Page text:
Multidecadal variability in East African hydroclimate controlled by the Indian Ocean

Jessica E. Tierney, Jason E. Smerdon, Kevin J. Anchukaitis, Richard Seager

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262 Scopus citations


The recent decades-long decline in East African rainfall suggests that multidecadal variability is an important component of the climate of this vulnerable region. Prior work based on analysing the instrumental record implicates both Indian and Pacific ocean sea surface temperatures (SSTs) as possible drivers of East African multidecadal climate variability, but the short length of the instrumental record precludes a full elucidation of the underlying physical mechanisms. Here we show that on timescales beyond the decadal, the Indian Ocean drives East African rainfall variability by altering the local Walker circulation, whereas the influence of the Pacific Ocean is minimal. Our results, based on proxy indicators of relative moisture balance for the past millennium paired with long control simulations from coupled climate models, reveal that moist conditions in coastal East Africa are associated with cool SSTs (and related descending circulation) in the eastern Indian Ocean and ascending circulation over East Africa. The most prominent event identified in the proxy record-a coastal pluvial from 1680 to 1765-occurred when Indo-Pacific warm pool SSTs reached their minimum values of the past millennium. Taken together, the proxy and model evidence suggests that Indian Ocean SSTs are the primary influence on East African rainfall over multidecadal and perhaps longer timescales.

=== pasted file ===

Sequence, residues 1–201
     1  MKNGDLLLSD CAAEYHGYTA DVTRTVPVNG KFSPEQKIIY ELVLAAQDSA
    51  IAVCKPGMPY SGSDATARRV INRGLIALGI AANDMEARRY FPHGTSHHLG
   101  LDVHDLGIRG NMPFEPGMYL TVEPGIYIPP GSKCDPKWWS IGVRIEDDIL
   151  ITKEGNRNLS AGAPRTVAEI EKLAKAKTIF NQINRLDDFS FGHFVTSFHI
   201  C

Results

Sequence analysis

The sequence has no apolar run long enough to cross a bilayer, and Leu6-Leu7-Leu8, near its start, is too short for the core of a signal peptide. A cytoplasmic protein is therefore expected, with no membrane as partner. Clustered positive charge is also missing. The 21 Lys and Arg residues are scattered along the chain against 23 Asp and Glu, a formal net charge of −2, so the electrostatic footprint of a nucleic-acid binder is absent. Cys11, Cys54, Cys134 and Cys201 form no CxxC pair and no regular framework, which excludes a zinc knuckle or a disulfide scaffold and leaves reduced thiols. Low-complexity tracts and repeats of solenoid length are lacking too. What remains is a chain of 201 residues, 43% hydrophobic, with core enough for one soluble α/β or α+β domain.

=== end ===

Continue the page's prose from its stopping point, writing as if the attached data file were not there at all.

Original languageEnglish (US)
Pages (from-to)389-392
Number of pages4
Issue number7432
StatePublished - Jan 17 2013

Bibliographical note

Funding Information:
Acknowledgements J.E.T. acknowledges the US NOAA Climate and Global Change Postdoctoral Fellowship and NSF OCE-1203892 for support. J.E.S. and R.S. were supported by the NOAA award Global Decadal Hydroclimate Variability and Change (NA10OAR431037). We thank the National Center for Atmospheric Research, who made the CCSM4 control simulation available through the US Earth System Grid (ESG) Center. Support for the ESG is provided by the Office of Science, US Department of Energy, with co-sponsorship from the US NSF. Thanks also to NOAA GFDL for providing the multimillennial control simulation output from the GFDL CM2.1 model, to N. Naik for her on-sitesupportatLDEOandtoJ.JungclausoftheMaxPlanckInstituteforprovidingoutput from the MPI COSMOS control simulation. This is LDEO contribution number 7641.

Copyright 2013 Elsevier B.V., All rights reserved.


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